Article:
Other Publications (1)
Articles by Jung Min Lee in JoVE
Syringe-injectable Mesh Electronics for Stable Chronic Rodent Electrophysiology Thomas G. Schuhmann Jr.1, Tao Zhou2, Guosong Hong2, Jung Min Lee2,3, Tian-Ming Fu2, Hong-Gyu Park3, Charles M. Lieber1,2 1John A. Paulson School of Engineering and Applied Sciences, Harvard University, 2Department of Chemistry and Chemical Biology, Harvard University, 3Department of Physics, Korea University Mesh electronics probes seamlessly integrate and provide stable, long-term, single-neuron level recording within the brain. This protocol uses mesh electronics for in vivo experiments, involving the fabrication of mesh electronics, loading into needles, stereotaxic injection, input/output interfacing, recording experiments, and histology of tissue containing mesh probes.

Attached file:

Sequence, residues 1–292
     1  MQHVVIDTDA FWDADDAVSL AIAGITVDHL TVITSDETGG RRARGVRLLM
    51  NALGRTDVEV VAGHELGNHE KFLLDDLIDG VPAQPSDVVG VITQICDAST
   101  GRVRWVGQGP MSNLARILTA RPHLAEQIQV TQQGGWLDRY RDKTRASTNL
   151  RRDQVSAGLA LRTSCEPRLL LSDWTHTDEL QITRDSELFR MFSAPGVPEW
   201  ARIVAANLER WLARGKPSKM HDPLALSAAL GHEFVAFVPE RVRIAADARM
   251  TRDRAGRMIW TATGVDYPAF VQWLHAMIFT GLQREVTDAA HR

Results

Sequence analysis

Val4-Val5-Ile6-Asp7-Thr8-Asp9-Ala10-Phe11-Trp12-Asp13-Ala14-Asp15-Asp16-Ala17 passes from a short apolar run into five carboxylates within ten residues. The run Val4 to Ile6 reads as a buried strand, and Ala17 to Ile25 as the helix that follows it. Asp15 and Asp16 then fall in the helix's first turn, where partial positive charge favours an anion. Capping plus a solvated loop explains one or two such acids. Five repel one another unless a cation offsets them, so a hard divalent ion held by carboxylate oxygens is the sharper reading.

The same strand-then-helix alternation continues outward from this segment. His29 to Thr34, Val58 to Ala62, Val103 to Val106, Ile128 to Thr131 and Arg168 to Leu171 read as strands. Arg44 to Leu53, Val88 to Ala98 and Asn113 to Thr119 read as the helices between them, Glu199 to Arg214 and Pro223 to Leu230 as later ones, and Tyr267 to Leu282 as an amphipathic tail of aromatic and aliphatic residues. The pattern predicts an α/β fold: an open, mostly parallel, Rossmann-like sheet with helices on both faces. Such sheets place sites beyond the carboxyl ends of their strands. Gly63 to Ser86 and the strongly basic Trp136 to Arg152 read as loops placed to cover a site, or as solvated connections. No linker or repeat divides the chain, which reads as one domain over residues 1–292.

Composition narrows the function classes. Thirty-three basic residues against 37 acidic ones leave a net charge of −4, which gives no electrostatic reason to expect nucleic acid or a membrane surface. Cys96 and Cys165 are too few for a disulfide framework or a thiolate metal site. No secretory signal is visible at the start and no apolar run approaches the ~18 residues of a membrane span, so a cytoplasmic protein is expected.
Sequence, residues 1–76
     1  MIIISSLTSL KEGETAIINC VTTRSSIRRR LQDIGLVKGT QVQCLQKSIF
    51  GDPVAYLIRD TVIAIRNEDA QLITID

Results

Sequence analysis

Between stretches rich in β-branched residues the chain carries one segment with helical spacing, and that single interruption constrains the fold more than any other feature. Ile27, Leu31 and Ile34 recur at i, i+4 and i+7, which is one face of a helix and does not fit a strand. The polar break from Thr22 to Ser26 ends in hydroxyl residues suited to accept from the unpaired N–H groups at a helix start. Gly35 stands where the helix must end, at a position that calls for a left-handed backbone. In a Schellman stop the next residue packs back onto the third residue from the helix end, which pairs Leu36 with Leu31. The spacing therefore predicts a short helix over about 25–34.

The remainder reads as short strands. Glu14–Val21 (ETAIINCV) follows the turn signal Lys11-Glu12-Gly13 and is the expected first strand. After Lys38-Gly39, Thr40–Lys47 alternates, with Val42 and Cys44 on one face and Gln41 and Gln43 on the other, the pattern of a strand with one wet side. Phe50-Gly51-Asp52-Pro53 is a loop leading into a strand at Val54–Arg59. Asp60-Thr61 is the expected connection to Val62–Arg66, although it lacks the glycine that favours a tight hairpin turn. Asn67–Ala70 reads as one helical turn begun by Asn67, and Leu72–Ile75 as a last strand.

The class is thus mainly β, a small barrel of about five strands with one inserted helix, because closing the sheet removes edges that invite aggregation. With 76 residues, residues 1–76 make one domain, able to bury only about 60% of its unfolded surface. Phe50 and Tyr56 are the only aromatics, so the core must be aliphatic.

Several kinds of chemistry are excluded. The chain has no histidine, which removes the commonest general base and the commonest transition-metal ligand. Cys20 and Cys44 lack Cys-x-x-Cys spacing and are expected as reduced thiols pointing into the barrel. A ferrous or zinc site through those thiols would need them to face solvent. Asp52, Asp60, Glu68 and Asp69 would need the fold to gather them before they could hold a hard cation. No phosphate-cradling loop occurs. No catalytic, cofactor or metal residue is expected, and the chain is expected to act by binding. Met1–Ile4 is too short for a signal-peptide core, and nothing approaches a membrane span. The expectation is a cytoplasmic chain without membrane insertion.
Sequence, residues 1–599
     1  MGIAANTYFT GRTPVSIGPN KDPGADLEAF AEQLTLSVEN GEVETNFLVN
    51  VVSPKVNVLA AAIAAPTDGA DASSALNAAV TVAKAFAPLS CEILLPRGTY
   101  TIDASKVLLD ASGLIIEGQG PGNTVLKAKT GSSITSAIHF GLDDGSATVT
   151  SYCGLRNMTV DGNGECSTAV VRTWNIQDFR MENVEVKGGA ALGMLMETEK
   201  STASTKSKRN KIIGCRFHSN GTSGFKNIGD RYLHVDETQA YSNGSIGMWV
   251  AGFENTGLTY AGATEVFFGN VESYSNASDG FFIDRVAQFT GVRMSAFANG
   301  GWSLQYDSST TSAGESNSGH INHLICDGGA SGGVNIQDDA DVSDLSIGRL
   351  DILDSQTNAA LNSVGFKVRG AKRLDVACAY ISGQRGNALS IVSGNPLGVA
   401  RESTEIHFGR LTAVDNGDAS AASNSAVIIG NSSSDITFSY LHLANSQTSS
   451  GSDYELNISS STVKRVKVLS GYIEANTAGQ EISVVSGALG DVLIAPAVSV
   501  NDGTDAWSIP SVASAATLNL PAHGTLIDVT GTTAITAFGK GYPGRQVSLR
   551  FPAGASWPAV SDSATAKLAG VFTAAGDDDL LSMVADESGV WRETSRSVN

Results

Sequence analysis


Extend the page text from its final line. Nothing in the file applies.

Other articles by Jung Min Lee on PubMed
A Method for Single-neuron Chronic Recording from the Retina in Awake Mice Science (New York, N.Y.). | Pubmed ID: 29954976 The retina, which processes visual information and sends it to the brain, is an excellent model for studying neural circuitry. It has been probed extensively ex vivo but has been refractory to chronic in vivo electrophysiology. We report a nonsurgical method to achieve chronically stable in vivo recordings from single retinal ganglion cells (RGCs) in awake mice. We developed a noncoaxial intravitreal injection scheme in which injected mesh electronics unrolls inside the eye and conformally coats the highly curved retina without compromising normal eye functions. The method allows 16-channel recordings from multiple types of RGCs with stable responses to visual stimuli for at least 2 weeks, and reveals circadian rhythms in RGC responses over multiple day/night cycles.